Ruth Caplin Theatre, University of Virginia
A 300-seat performance space takes cues from the topography of its site.
Architects & Firms
Architect William Rawn is often asked about the 85-foot-long undulating glass facade at his recently completed Ruth Caplin Theatre on the campus of the University of Virginia (UVA), in Charlottesville. People wonder, he says, if it was inspired by Thomas Jefferson’s serpentine brick walls that are part of the so-called Lawn—the complex of 18th-century structures and grounds at the university’s historic heart. But Rawn insists that the ribbonlike curtain wall enclosing the 300-seat performance space, which is partially submerged in the steeply sloping terrain of the school’s arts quad, takes its cues from the topography of its site rather than Jefferson’s garden walls. “It isn’t that literal,” he says.
Instead, the Jeffersonian elements that most informed the new thrust theater were the tall triple-hung windows found in many of the pavilions surrounding the Lawn and at Monticello—the home that Jefferson built for himself just a few miles from UVA. “Transparency was one of the lessons we took from Jefferson,” says Rawn.
Transparency, and accompanying daylight, may seem like odd features for a theater. Yet much of the time that the space is in use—for rehearsals, dance classes, or when sets are being built—controlled theatrical lighting is not necessary, points out Clifford Gayley, a principal of William Rawn Associates. What’s more, with students passing Caplin on the new set of stairs that serves as one of the main pedestrian routes through this part of campus, the glazing provides a direct view of the stage. It “puts theater on display,” elevating the drama program’s presence, says Gayley. And for those times when darkness is required, the daylight coming in through the north-facing curtain wall is easily blocked with motorized black-out shades.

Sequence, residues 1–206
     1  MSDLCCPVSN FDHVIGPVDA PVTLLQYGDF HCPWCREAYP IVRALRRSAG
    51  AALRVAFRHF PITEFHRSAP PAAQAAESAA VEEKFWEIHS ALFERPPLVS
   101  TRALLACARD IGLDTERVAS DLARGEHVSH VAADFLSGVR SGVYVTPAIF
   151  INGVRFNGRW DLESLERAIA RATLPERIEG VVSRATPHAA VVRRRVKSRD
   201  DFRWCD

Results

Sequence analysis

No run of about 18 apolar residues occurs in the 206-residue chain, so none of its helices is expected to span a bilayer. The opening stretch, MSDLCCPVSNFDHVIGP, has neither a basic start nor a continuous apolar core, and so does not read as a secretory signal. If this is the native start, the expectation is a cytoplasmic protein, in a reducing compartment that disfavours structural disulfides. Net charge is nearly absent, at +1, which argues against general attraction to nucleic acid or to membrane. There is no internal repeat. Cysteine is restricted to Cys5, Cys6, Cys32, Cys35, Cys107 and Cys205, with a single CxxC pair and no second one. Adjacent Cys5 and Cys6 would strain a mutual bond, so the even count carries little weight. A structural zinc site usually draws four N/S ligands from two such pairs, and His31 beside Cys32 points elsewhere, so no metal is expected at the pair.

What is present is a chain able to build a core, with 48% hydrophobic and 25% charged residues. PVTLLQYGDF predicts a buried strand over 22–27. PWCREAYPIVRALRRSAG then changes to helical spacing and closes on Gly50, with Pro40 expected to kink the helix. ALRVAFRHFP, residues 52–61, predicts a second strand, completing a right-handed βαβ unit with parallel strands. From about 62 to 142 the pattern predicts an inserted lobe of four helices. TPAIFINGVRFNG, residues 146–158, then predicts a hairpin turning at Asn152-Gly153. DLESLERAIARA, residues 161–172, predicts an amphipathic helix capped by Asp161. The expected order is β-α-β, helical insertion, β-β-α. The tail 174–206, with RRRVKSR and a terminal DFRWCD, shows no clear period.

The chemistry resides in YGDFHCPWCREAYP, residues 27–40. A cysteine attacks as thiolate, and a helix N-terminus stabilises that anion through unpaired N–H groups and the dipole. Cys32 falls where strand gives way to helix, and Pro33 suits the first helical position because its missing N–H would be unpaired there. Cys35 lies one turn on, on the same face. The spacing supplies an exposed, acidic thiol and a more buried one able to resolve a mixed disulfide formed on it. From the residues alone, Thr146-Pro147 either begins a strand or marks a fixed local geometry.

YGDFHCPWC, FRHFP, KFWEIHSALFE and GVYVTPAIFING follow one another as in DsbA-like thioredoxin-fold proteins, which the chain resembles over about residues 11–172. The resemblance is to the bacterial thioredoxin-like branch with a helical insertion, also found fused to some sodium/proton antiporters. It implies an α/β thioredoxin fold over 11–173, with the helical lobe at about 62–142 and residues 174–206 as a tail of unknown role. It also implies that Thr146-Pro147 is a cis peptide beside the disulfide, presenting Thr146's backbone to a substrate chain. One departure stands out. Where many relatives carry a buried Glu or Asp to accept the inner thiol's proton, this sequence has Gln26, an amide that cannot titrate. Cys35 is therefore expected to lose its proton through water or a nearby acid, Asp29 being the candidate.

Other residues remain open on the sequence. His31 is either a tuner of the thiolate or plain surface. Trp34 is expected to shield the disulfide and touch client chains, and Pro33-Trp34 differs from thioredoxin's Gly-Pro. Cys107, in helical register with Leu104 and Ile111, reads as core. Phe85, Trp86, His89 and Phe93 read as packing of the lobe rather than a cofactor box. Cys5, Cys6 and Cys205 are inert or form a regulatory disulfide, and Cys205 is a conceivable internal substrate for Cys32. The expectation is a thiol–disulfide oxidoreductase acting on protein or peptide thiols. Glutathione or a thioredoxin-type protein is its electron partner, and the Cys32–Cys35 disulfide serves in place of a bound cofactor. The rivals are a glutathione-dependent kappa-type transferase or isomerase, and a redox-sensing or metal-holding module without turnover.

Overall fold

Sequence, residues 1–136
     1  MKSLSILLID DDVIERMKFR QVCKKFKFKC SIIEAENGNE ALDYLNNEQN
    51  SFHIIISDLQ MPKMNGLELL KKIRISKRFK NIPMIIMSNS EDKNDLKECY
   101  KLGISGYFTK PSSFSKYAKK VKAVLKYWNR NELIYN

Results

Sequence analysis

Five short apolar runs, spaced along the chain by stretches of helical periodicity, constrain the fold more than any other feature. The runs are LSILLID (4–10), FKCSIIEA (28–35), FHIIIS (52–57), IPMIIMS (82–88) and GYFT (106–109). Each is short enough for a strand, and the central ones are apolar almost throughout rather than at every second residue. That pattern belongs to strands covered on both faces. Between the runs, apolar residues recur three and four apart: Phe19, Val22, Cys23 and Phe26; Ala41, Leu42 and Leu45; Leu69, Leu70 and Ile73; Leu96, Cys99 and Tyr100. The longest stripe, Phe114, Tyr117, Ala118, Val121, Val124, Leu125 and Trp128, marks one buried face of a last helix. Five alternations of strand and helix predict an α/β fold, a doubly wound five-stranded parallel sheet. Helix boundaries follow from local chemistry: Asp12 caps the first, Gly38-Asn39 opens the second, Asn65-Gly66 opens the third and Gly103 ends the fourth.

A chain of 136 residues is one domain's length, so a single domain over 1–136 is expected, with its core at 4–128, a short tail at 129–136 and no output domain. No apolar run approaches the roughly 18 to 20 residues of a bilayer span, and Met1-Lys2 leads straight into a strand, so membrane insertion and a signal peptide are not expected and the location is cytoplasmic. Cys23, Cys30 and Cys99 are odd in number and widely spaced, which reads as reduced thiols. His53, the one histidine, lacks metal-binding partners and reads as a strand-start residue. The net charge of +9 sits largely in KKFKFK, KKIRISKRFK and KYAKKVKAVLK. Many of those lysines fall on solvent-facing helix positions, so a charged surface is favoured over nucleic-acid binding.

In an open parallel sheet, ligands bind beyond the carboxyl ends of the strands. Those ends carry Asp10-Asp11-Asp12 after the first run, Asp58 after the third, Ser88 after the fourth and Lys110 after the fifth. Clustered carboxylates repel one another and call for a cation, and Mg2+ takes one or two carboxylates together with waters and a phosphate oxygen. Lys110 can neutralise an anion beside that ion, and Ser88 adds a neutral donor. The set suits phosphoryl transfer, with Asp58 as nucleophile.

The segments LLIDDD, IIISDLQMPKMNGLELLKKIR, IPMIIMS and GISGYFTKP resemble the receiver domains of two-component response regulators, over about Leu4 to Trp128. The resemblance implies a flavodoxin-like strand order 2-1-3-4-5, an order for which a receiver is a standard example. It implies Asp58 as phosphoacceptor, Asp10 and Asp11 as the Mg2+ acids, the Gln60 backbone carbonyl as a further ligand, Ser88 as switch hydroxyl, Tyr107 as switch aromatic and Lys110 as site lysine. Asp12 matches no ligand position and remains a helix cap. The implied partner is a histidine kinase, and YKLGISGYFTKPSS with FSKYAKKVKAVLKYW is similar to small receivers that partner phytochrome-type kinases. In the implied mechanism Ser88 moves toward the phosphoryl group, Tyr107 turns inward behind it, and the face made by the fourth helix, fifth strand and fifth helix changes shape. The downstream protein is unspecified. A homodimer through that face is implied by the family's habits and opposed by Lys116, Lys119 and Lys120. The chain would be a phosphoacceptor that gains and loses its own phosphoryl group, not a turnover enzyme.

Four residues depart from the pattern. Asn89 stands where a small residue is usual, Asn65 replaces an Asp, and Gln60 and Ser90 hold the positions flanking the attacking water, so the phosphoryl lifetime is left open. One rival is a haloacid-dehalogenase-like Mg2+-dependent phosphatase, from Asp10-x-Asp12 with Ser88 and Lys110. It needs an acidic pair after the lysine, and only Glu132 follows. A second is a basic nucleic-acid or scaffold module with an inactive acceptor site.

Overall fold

One aspect of the space that was trickier to control was its acoustics. “Glass is specular,” and not just in the visual sense, says Carl Giegold, a partner at Threshold Acoustics, the project’s acoustician. “It is almost purely reflective of sound,” he says. Used in the right place, glass can be advantageous, since reflection is important for musical clarity and the intelligibility of speech, especially consonants. But if used incorrectly, it can garble sound, he says.
At Caplin, where the glazing is at the perimeter of the 5,500-squarefoot, semicircular room, it could send the sound back toward the stage with a delay, causing an echo. To mitigate this undesirable effect, the project team devised an inner wall of laminated glass canted at 2 or 4 degrees, depending on location, and set a few inches away from the exterior insulated glazing units (IGUs). The tilted glass directs the sound toward the underside of the roof deck or ceilings, which are covered in absorptive materials such as sprayed-on cellulose or stretched-fabric panels. “The goal is to send the sound somewhere where it doesn’t do harm,” explains Giegold.
The extra layer of glass has additional acoustical benefits. Its thickness—¾ inch—keeps low-frequency sounds, like those from the bottom registers of a typical male voice—from escaping. It also helps isolate the room from outdoor noise, such as the rumble of the freight trains that pass Caplin on tracks that are only about 150 yards away. This ability to keep unwanted noise out is enhanced by the cavity between the laminated glass and the IGUs, according to Giegold. In addition, the cavity’s varied depth, which ranges from 7¾ to 2 inches, prevents the curtain wall system from resonating at a uniform frequency. Otherwise, says Giegold, sounds like the drone of a lawnmower could cause the assembly to vibrate, producing a discernible hum.
Naturally, unwanted sound can also be generated from within. A typical culprit is mechanical systems. But at Caplin, the ducts are all oversized, so that air moves through them slowly and quietly. The room’s silence, along with its intimacy (no seat is farther than 25 feet from the stage), allows the audience to focus on the performers. The acoustics are so good, says Gayley, that “you can even hear the actors’ slightest whispers,” without amplification.